With faster processors and higher-bandwidth bus hardware, throughput can be maximized by acquisition hardware and software.
By Jason Mulliner
The right camera, lighting, and optics are critical for a successful machine-vision system, but acquisition hardware and analysis software tools actually provide the automated results of the system. This image acquisition and processing can take several forms, including the traditional frame-grabber-and-PC system design or new, compact, stand-alone machine-vision-system designs.
If the application requires high-speed acquisition of moving parts, then the frame grabber should support triggering. Triggered images with synchronized strobing will produce high-contrast images with no blurring. Other advanced frame-grabber features may include partial image acquisition, onboard decimation, look-up-table (LUT) processing, programmable gain, pulse-train generation, and a variable pixel clock for connecting to nonstandard analog cameras. By using onboard LUT routines, pixel values can be mapped onto a wide range of predefined LUTs to pull more contrast out of images (see table [below]).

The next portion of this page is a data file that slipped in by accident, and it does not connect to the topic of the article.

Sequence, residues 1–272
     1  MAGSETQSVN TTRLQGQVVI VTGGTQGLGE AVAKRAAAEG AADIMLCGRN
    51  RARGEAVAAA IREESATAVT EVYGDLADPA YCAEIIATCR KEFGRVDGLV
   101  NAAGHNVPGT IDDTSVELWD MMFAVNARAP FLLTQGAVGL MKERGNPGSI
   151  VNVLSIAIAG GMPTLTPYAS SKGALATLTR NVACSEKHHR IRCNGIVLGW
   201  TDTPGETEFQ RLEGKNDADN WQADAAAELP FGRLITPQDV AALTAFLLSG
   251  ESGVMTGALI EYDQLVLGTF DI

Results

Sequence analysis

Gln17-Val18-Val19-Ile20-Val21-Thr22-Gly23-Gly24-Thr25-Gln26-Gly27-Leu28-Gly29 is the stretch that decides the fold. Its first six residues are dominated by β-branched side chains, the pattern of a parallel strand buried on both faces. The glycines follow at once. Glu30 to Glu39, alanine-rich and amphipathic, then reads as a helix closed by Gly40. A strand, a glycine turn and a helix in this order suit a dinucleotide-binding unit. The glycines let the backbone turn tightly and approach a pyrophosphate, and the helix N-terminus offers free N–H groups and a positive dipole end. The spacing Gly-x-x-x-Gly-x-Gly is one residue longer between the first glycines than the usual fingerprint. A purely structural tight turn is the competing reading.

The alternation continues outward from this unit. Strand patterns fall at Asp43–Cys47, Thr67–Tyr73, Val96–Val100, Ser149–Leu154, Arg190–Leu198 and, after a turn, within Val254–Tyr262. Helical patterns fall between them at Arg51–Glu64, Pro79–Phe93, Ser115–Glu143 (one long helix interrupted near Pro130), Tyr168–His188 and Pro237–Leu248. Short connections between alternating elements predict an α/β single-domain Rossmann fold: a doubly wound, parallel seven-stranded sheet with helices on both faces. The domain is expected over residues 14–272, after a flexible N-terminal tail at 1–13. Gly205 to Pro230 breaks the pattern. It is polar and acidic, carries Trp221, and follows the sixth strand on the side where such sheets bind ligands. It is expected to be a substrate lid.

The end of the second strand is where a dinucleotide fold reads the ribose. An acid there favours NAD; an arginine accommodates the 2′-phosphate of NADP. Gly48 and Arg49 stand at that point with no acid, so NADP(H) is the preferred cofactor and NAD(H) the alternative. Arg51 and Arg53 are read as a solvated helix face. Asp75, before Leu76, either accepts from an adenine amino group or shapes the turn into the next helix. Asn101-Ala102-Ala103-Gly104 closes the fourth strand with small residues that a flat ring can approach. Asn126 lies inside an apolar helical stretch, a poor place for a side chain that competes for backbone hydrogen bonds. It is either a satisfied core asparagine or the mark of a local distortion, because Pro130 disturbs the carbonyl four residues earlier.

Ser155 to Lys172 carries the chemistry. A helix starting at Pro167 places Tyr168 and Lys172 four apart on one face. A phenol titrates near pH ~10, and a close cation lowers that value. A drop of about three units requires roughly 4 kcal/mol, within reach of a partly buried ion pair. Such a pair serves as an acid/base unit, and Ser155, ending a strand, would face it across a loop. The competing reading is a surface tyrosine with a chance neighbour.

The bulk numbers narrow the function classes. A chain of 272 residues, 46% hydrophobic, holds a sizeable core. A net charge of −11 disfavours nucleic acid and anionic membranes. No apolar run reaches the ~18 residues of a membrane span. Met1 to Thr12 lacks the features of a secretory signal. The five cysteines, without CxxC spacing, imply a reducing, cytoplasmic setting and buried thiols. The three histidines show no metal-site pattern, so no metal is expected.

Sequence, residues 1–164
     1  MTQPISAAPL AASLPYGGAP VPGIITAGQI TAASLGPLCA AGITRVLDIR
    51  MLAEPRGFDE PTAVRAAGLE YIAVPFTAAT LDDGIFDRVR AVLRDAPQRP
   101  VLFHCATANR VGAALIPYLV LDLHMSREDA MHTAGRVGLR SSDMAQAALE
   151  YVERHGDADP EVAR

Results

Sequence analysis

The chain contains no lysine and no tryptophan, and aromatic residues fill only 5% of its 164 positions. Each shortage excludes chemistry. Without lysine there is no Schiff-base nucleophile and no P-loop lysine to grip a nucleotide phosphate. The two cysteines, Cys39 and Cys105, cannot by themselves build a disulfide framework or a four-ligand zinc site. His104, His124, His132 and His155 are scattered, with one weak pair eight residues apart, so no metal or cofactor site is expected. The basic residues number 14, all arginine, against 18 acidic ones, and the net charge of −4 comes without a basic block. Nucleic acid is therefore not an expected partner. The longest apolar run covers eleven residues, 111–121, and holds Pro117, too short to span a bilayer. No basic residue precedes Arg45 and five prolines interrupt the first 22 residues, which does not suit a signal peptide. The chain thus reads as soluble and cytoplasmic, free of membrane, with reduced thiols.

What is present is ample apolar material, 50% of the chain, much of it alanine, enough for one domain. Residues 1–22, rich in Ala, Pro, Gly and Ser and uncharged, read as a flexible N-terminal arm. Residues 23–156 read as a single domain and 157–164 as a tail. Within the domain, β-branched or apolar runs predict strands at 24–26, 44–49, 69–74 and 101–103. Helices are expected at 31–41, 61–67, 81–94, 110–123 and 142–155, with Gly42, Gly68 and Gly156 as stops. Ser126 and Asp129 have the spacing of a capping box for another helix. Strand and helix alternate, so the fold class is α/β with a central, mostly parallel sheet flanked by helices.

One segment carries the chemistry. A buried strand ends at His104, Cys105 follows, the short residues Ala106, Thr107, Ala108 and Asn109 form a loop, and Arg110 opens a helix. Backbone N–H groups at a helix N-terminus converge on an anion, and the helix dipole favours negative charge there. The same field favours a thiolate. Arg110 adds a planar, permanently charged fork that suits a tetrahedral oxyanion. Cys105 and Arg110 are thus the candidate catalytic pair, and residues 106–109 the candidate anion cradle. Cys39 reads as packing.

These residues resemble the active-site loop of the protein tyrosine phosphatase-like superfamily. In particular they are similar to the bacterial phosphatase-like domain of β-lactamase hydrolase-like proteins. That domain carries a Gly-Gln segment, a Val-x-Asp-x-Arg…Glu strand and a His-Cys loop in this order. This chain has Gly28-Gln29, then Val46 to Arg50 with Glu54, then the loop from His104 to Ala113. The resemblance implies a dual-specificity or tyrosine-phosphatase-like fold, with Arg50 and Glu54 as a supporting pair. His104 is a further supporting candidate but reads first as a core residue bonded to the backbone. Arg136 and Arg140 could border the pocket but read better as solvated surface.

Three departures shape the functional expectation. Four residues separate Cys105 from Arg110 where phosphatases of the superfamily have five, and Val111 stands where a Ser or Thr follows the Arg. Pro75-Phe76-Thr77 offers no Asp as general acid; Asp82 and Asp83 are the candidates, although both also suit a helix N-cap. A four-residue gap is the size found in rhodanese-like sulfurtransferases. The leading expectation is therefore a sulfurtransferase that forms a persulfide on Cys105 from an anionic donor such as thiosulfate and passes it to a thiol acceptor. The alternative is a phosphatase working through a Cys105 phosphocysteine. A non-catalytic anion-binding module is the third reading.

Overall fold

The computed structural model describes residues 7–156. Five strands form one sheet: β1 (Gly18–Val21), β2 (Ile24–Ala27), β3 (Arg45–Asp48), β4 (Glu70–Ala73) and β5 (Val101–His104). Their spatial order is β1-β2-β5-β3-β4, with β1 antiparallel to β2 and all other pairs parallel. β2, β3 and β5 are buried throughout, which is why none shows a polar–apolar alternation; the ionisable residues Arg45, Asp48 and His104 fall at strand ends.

Compact, stand-alone machine-vision systems provide the flexibility, integration, and ruggedness for most inspection, guidance, and identification applications. Typically the processor is lower performance than found in a desktop PC, but the smaller form factor, rugged design, and integrated image-acquisition functions make it good for many applications. These compact vision systems include a range of digital I/O options, allowing communication with many automation devices, including programmable logic controllers, relays, and robotic equipment.